|"Recurrence SH 2013016" (2011) by Kim Tschang-Yeul / Courtesy of Gallery Hyundai|
By Park Han-sol
The Korea International Art Fair (KIAF) Seoul, the largest of its kind in the country since 2002, opened its doors on Wednesday with a VVIP preview session at COEX in southern Seoul.
This year's edition has been highly anticipated among art enthusiasts, as it is expected to continue the streak of success achieved by other local art fairs held earlier ― including the Galleries Art Fair, the Busan Annual Market of Art (BAMA), Art Busan and Plastic Art Seoul (PLAS).
These events all saw record turnouts and sales this year amid surging public interest in the art market and a subsequent influx of new, young collectors.
The event's organizer, the Galleries Association of Korea, said that the limited number of 100 tickets for Wednesday's exclusive VVIP previews ― each priced at 300,000 won ($250) ― sold out in two days, with the majority of the buyers being in their 30s and 40s. After the preview sessions, the fair will be open to the general public from Friday to Sunday.
KIAF Seoul has also started gaining more attention from galleries both here and abroad, most notably due to the launching of its five-year-long partnership with the renowned Frieze Art Fair, starting in September of next year. The partnership will make Seoul the first Asian host of Frieze, a leading global platform for modern and contemporary art.
In fact, compared to previous years, the organizer saw more than a 30-percent increase in the number of galleries that applied to set up their booths this year, amounting to nearly 300, according to Do Hyung-teh, the deputy head of the association.
|"Tree of Life #8" (2020) by David Salle / Courtesy of the artist and Skarstedt, New York, Lehmann Maupin, Hong Kong, Seoul and London|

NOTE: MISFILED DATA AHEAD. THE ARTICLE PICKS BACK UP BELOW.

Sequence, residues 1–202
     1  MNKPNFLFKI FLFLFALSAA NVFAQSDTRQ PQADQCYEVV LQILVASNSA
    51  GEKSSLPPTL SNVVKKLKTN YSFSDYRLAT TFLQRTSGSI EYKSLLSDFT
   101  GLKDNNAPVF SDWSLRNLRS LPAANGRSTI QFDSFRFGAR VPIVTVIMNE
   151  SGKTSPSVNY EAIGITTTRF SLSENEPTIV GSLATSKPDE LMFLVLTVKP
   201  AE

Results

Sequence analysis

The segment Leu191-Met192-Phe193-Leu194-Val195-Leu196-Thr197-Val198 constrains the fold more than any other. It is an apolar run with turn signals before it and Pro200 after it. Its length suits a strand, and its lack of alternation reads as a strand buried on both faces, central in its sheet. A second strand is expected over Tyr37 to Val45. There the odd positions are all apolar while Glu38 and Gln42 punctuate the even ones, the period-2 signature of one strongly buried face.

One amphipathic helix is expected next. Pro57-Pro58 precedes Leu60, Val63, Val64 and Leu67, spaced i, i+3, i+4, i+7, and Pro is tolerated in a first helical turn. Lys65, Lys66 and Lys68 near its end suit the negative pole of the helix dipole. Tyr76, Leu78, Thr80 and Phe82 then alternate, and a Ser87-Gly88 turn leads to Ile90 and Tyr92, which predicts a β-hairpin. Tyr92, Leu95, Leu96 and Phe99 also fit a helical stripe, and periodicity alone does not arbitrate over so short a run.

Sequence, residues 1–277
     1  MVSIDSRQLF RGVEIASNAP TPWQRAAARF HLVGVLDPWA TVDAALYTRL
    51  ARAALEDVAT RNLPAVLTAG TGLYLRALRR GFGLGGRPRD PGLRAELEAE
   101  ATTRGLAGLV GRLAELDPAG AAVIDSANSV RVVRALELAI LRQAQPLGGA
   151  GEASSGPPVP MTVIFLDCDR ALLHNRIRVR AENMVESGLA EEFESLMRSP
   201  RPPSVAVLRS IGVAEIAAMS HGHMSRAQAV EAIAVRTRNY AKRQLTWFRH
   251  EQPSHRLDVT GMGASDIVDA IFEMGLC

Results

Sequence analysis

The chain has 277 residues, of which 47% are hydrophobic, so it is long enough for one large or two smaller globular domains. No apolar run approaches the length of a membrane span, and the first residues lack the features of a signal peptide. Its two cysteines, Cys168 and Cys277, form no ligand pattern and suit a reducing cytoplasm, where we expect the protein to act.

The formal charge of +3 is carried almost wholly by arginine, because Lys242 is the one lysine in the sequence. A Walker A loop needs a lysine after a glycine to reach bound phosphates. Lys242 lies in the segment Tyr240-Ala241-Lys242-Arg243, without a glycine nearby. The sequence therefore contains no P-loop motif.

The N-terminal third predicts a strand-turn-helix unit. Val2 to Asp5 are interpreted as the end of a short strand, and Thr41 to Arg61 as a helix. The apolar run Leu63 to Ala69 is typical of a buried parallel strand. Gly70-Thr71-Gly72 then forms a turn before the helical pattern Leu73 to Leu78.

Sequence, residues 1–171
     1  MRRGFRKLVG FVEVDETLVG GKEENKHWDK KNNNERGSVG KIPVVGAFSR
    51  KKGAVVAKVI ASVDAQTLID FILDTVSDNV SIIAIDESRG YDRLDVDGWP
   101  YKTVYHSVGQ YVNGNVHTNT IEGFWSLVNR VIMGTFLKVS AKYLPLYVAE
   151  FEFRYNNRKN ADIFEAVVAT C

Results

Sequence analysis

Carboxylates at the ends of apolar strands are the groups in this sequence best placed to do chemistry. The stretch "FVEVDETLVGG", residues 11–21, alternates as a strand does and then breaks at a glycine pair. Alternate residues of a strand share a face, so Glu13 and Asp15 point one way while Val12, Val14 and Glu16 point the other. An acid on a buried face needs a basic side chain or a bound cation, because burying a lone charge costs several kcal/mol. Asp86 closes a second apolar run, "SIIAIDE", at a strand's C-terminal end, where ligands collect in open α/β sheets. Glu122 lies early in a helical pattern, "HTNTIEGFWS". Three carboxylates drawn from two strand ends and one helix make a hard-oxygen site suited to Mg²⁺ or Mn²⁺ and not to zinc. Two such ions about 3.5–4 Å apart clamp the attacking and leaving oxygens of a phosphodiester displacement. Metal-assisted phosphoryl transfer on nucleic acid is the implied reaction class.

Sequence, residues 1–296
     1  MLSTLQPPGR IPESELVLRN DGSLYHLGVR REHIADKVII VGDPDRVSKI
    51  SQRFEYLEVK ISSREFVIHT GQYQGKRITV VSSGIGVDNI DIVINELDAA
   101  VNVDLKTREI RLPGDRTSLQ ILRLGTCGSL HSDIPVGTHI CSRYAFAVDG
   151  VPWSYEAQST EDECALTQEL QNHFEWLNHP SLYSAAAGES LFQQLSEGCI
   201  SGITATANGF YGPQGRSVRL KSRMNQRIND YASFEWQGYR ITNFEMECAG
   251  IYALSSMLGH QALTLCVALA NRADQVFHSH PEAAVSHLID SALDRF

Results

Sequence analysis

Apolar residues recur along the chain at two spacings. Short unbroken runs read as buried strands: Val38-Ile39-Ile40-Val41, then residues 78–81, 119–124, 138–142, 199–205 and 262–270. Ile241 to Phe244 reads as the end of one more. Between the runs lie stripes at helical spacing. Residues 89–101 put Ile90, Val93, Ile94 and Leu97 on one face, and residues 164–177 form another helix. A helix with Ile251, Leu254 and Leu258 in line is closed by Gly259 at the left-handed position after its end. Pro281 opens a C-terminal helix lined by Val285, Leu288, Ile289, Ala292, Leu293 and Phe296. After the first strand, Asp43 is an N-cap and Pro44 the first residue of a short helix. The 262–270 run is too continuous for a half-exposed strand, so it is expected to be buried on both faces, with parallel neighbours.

At COEX, some 170 galleries from 10 countries will showcase paintings, sculptures and media works. Major participants from the domestic art scene include Gana Art, Gallery Hyundai, Kukje Gallery, Arario Gallery and PKM Gallery.
With Seoul being seen as a rising Asian hub in the global art market, a number of prominent overseas galleries ― Lehmann Maupin, Perrotin, Tang Contemporary Art, Spruth Magers and Pace ― will return to the fair this year.
Ahead of its joint showcase with Frieze next year, KIAF Seoul will invite Victoria Siddall, the current board director of Frieze, as one of its online guest speakers, to share the vision of the two organizations' partnership and Seoul's potential as a major destination for the art market in Asia.
"Seoul can rise to become the center of the Asian art market," Hwang Dal-seung, chair of the Galleries Association of Korea, said at the recent press conference, adding that a heated competition is taking place which could shift the base of the Asian art market from the current hubs of Hong Kong, Shanghai, Taipei or Singapore, to Seoul.
"I believe that the Korean art market could grow at least five times its current size, which will be a chance to introduce even more domestic artists to the international scene."